Help - Canada PR affecting US PR?

Old Oct 23rd 2002, 1:04 pm
  #1  
M C
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Posts: n/a
Default Help - Canada PR affecting US PR?

I am in a unique situation. Your input will be greatly appreciated.

I am an Indian citizen working in US on H1. I have applied for both
Canadian and US PR. I have recently been informed that my Canadian
PR was accepted and that I should mail my passport for VISA printing.

Will a Canadian immigrant VISA in my passport affect my chances for
a successful US Consular processing? Will my Green Card be denied?

Please advice.

Thanks a lot.
mahidhar
 
Old Oct 23rd 2002, 4:30 pm
  #2  
Burak Ataman
Guest
 
Posts: n/a
Default Re: Help - Canada PR affecting US PR?

Just another one, stealing time of the immigration system....
How can you see, having a new life like shopping? Did you also apply for
Australia?
Germany is also taking good IT people if you are in IT, I suggest try also
Germany...
When you have acceptance from every country then you can decide or maybe
roll the dice.


"m c" wrote in message
news:8426d254.0210231704-
[email protected]
...
    > I am in a unique situation. Your input will be greatly appreciated.
    > I am an Indian citizen working in US on H1. I have applied for both
    > Canadian and US PR. I have recently been informed that my Canadian
    > PR was accepted and that I should mail my passport for VISA printing.
    > Will a Canadian immigrant VISA in my passport affect my chances for
    > a successful US Consular processing? Will my Green Card be denied?
    > Please advice.
    > Thanks a lot.
    > mahidhar
 
Old Oct 23rd 2002, 7:15 pm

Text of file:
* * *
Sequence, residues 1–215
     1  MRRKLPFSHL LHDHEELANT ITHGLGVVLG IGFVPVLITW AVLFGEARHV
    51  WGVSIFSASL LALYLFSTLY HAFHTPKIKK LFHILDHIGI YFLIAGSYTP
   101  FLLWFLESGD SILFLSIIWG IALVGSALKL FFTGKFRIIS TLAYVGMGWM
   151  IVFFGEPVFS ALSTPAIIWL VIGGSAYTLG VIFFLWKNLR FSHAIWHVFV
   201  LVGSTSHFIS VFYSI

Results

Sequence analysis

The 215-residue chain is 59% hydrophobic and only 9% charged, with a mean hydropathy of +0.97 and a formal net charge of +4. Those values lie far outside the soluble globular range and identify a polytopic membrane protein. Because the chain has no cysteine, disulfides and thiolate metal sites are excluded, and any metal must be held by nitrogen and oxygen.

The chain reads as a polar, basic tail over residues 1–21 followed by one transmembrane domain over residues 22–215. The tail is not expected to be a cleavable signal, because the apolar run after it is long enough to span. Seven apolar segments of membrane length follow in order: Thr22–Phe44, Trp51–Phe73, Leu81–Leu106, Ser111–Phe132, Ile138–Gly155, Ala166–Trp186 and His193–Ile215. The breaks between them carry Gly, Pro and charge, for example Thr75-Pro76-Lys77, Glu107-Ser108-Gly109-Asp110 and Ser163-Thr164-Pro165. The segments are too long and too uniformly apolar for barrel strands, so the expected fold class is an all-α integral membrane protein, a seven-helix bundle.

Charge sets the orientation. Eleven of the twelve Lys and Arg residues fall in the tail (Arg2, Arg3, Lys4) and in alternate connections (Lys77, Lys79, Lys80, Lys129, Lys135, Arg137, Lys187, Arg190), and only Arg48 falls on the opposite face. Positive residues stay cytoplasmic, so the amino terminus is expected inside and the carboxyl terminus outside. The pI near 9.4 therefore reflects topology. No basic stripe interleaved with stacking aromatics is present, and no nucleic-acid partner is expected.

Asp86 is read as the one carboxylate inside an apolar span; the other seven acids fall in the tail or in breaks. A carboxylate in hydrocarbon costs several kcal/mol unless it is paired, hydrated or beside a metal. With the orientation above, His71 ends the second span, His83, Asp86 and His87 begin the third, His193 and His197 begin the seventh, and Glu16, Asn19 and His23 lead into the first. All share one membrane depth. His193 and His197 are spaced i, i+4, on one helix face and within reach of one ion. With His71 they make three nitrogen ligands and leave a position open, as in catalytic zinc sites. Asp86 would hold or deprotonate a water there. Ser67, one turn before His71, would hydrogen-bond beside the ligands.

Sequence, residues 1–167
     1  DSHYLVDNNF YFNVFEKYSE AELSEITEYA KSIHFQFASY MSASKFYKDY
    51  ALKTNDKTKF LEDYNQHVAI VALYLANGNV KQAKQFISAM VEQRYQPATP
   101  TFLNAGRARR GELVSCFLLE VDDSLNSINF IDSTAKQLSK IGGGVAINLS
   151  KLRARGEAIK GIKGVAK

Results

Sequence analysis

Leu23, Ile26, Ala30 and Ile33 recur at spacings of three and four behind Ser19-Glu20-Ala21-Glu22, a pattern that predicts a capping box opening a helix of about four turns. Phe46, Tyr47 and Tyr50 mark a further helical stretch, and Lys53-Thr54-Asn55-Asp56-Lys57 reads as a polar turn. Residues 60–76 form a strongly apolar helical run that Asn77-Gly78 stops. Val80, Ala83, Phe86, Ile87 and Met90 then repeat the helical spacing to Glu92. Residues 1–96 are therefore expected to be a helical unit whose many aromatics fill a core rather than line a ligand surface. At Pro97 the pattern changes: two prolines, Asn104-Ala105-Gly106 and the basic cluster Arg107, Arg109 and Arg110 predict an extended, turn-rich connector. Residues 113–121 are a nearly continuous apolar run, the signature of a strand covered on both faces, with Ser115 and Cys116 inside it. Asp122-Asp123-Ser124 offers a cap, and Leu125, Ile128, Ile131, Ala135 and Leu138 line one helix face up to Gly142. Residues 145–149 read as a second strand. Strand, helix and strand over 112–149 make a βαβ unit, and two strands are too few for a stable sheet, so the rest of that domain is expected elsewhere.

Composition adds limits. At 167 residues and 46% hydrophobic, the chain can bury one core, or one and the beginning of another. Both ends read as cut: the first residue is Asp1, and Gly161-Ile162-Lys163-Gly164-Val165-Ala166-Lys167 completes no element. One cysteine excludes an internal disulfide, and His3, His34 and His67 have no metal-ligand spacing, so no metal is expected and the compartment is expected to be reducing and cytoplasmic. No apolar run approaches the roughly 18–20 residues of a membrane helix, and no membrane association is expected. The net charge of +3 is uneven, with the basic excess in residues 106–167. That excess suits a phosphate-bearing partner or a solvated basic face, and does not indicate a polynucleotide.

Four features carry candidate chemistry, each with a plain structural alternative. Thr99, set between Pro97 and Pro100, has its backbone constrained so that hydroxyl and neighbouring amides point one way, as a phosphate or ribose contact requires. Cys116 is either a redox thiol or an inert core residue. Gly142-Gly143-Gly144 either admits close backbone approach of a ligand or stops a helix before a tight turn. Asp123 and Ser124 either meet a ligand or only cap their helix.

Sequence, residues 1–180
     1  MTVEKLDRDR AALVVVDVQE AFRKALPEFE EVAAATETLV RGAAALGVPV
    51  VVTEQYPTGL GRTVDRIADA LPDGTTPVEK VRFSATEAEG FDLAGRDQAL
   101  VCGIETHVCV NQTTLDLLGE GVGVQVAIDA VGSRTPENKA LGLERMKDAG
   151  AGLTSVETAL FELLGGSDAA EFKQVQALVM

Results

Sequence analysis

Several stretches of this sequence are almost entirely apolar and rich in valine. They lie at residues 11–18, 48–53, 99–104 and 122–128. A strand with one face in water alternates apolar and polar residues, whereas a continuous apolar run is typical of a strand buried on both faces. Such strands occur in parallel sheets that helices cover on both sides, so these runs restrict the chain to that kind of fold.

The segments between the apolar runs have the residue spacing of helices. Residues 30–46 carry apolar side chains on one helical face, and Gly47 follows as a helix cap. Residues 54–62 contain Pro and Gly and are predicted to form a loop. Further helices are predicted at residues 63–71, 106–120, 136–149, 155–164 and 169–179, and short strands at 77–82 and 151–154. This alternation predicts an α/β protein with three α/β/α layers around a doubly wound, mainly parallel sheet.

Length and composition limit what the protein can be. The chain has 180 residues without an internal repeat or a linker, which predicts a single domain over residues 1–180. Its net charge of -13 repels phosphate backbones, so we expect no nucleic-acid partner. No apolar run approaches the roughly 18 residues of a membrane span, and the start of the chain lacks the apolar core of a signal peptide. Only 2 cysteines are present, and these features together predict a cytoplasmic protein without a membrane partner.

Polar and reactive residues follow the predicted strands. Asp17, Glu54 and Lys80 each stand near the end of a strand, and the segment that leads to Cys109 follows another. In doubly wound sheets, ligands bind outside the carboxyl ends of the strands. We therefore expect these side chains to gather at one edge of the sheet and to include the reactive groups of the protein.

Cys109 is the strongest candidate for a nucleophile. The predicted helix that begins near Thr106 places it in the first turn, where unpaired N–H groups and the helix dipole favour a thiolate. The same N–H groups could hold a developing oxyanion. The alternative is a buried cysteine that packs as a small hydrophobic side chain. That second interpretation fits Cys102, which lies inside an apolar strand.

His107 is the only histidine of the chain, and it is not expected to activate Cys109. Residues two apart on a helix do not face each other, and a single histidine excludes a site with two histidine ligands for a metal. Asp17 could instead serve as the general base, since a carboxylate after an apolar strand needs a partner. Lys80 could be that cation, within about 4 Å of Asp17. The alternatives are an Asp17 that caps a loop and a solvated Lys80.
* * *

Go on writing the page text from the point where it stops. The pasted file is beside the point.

#3  
Forum Regular
 
Joined: Feb 2002
Posts: 145
levu is an unknown quantity at this point
Default

So what you're saying is that you applied to Canada only as a backup and what you really want is to live in the US.

Considering the great number of people who are passionate about Canada who are waiting years to get a visa you should feel ashamed of yourself. To you, Canada is second best. You're an insult to the generosity of the Canadian people. They've made you the greatest offer you'll ever recieve in your life and you have the audacity/arrogrance to hesitate because you want something you think is even more valuable.

You have no business going to Canada, if the US doesn't want you, then go back to India.
levu is offline  
Old Oct 23rd 2002, 9:05 pm
  #4  
Sbm
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Posts: n/a
Default Re: Help - Canada PR affecting US PR?

You may get your U.S. Green Card later, but in the end you have to
forgo one of them - it is impossible to maintain both the PRs.

BTW - will you post your timeline for Canadian PR (application date,
AOR, Assessment, Medicals etc.)?

Thanks.



[email protected] (m c) wrote in message news:...
    > I am in a unique situation. Your input will be greatly appreciated.
    > I am an Indian citizen working in US on H1. I have applied for both
    > Canadian and US PR. I have recently been informed that my Canadian
    > PR was accepted and that I should mail my passport for VISA printing.
    > Will a Canadian immigrant VISA in my passport affect my chances for
    > a successful US Consular processing? Will my Green Card be denied?
    > Please advice.
    > Thanks a lot.
    > mahidhar
 
Old Oct 24th 2002, 3:30 am
  #5  
M C
Guest
 
Posts: n/a
Default Re: Help - Canada PR affecting US PR?

my timeline:

Applied: July 2001
AOR: Oct 2001
Assesment: May 2002
Medicals: July 2002
Letter to send additional photos: Aug 2002
Request for passport: Oct 2002
 
Old Oct 24th 2002, 9:59 am
  #6  
Hani
Guest
 
Posts: n/a
Default Re: Help - Canada PR affecting US PR?

Burak,
In the world we are living in, everything is possible. Who would have
ever thought of, say, 9/11? Or, of CIC changing the rules of the game
after thousands of applicants had already paid money and planned
according to old rules?
In such a world where uncertainty prevails, I think it is wise for a
person in need of a PR to apply for more than one. And yes, when you
get acceptance for more than one, *you* would decide which one to take
and throw away the others.
If you have a problem with this approach (though I wonder how people